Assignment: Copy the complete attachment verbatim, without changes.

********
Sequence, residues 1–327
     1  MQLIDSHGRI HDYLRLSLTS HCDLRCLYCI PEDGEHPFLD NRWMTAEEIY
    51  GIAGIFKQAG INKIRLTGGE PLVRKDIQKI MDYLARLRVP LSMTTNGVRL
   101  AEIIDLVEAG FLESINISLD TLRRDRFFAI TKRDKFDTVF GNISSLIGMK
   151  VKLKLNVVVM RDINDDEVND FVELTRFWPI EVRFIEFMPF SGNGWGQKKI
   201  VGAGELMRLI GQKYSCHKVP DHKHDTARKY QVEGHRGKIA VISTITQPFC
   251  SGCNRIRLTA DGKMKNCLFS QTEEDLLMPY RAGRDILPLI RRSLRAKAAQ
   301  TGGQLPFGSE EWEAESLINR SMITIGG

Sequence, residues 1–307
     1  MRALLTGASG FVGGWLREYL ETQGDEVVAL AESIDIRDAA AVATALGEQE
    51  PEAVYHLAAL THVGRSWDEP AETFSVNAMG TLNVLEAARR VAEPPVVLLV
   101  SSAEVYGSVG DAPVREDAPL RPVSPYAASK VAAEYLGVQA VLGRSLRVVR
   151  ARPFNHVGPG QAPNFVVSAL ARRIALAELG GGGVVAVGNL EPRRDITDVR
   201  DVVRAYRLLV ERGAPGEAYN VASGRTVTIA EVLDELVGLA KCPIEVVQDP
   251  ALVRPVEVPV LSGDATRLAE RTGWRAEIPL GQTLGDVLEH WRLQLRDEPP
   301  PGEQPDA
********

Sequence, residues 1–327
     1  MQLIDSHGRI HDYLRLSLTS HCDLRCLYCI PEDGEHPFLD NRWMTAEEIY
    51  GIAGIFKQAG INKIRLTGGE PLVRKDIQKI MDYLARLRVP LSMTTNGVRL
   101  AEIIDLVEAG FLESINISLD TLRRDRFFAI TKRDKFDTVF GNISSLIGMK
   151  VKLKLNVVVM RDINDDEVND FVELTRFWPI EVRFIEFMPF SGNGWGQKKI
   201  VGAGELMRLI GQKYSCHKVP DHKHDTARKY QVEGHRGKIA VISTITQPFC
   251  SGCNRIRLTA DGKMKNCLFS QTEEDLLMPY RAGRDILPLI RRSLRAKAAQ
   301  TGGQLPFGSE EWEAESLINR SMITIGG

Sequence, residues 1–307
     1  MRALLTGASG FVGGWLREYL ETQGDEVVAL AESIDIRDAA AVATALGEQE
    51  PEAVYHLAAL THVGRSWDEP AETFSVNAMG TLNVLEAARR VAEPPVVLLV
   101  SSAEVYGSVG DAPVREDAPL RPVSPYAASK VAAEYLGVQA VLGRSLRVVR
   151  ARPFNHVGPG QAPNFVVSAL ARRIALAELG GGGVVAVGNL EPRRDITDVR
   201  DVVRAYRLLV ERGAPGEAYN VASGRTVTIA EVLDELVGLA KCPIEVVQDP
   251  ALVRPVEVPV LSGDATRLAE RTGWRAEIPL GQTLGDVLEH WRLQLRDEPP
   301  PGEQPDA